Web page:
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Exersize for Riders
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Let's Get Fit!
With the harsh winter weather finally departing most of the country, riders of all levels are taking back to the trails and/or outdoor competitive arenas. I bet you have done your best to take care of all of your horse's exercise, grooming, training and nutrition needs during the winter season.
How about yourself?
Most riders, no matter what discipline or skill level, consider the horse as the "athlete" and they pay little or no attention to their own fitness level. Most riders feel that just doing their regular riding routine is enough to be fit, however, in most cases this is not the truth. If you want to achieve the ultimate goal of every rider and reach that feeling of 'oneness' with your horse, you should really be looking at your own physical, mental and emotional well-being. When we speak of 'oneness' with the horse we are talking about that feeling every rider strives for, that ability to be on the same wavelength and have the same coordination, balance and unspoken communication necessary to keep going in the same direction. An unfit rider, no matter how hard they try, cannot really get to this level of performance.
The first step in reaching the feeling of "oneness" is to recognize that you too are an athlete and as an athlete the best way to achieve optimal results is to perform a "sport specific" exercise program. As a certified fitness professional I have seen athletes who participate in a variety of different sports benefit from a sport-specific program. These types of programs consist of exercise routines that are targeted at improving a particular set of skills crucial to performing the sport. The beginner and low-level rider benefits from such a program because it alleviates many of the aches and pains experienced in the beginning, as well as helps prevent injury. Riders returning to the sport after a long hiatus, such as going through a winter season, benefit because the routines help you rapidly regain those important body movements and get you back to the level you were at prior to the layoff. For the expert rider, a sport-specific program assists in refining your skills and improving your strength, resulting in reduced risk of injury.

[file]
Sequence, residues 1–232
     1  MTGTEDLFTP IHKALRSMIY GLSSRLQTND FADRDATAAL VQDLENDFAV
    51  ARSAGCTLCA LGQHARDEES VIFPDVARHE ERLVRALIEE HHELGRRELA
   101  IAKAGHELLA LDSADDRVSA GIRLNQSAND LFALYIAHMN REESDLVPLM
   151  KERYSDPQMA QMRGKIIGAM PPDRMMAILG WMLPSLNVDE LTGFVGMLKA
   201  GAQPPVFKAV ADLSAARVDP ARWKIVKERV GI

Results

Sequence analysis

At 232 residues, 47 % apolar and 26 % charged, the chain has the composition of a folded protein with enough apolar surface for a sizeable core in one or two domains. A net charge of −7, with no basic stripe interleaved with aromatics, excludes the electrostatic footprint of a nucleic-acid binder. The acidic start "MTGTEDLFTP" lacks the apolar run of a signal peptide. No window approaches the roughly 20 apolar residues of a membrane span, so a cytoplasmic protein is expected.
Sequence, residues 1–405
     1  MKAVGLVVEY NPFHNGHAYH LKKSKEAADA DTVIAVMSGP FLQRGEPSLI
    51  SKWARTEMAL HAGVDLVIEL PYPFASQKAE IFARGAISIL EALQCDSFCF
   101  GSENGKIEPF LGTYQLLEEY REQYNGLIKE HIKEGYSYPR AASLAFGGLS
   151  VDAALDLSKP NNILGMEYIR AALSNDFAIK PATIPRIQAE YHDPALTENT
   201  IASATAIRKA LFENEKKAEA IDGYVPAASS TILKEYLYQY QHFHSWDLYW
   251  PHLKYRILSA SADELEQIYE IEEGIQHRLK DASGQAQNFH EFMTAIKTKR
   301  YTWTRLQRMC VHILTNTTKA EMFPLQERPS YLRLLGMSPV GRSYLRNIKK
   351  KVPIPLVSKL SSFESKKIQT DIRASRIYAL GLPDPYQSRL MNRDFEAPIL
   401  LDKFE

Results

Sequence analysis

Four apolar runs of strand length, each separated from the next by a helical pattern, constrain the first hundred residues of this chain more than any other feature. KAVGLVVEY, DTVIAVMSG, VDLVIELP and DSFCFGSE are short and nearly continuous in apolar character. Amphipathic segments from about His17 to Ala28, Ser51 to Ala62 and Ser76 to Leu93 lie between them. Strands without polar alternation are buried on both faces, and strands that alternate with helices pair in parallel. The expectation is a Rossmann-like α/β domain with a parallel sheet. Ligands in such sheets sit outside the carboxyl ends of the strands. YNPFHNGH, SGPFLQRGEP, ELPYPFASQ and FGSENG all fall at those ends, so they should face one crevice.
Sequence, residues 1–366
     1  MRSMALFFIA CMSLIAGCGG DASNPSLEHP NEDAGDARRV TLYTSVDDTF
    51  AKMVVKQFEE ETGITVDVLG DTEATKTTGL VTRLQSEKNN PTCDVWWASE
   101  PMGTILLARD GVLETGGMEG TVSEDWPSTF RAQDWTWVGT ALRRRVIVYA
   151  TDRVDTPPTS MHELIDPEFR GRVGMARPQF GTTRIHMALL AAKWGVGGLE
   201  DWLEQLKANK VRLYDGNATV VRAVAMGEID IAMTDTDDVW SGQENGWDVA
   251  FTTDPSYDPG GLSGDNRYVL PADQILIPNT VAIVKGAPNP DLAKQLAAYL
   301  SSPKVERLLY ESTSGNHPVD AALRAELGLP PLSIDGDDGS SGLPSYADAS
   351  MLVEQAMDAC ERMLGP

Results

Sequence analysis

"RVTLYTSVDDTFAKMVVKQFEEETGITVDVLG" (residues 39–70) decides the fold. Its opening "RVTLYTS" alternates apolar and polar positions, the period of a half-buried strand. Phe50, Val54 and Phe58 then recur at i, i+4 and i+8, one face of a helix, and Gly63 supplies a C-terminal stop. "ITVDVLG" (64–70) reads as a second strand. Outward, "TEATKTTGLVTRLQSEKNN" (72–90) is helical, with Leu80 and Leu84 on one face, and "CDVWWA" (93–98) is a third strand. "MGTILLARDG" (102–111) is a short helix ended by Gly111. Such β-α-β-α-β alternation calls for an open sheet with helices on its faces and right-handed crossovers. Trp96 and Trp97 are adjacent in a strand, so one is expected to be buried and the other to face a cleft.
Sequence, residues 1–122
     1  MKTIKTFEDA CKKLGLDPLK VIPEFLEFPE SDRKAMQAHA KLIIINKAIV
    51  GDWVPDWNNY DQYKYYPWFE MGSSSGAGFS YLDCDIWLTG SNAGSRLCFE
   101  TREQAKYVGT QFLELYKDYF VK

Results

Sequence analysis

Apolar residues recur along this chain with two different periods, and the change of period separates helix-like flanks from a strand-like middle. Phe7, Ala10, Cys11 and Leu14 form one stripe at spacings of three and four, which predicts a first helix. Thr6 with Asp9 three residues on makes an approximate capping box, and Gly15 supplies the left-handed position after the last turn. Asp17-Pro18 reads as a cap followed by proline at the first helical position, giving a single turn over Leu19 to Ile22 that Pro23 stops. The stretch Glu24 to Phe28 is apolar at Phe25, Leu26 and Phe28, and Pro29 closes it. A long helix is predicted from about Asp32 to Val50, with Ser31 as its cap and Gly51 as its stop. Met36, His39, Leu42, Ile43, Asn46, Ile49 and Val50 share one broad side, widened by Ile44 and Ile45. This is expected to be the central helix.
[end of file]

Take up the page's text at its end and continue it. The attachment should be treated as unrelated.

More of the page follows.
My studies of the equestrian athlete led to identifying five critical elements that all riders share.
Balance is a key component to any rider. A strong sense of maintaining your center of gravity allows any rider to hold that "half-seat" or "galloping position." By performing exercises on the ground, you can improve your sense of balance while being in consistent motion on an unstable surface, such as a horse. With an improved sense of balance you will be able ride longer with less fatigue, adapt to any position instantly and adjust to a position needed to save your horse when his/her balance becomes unstable.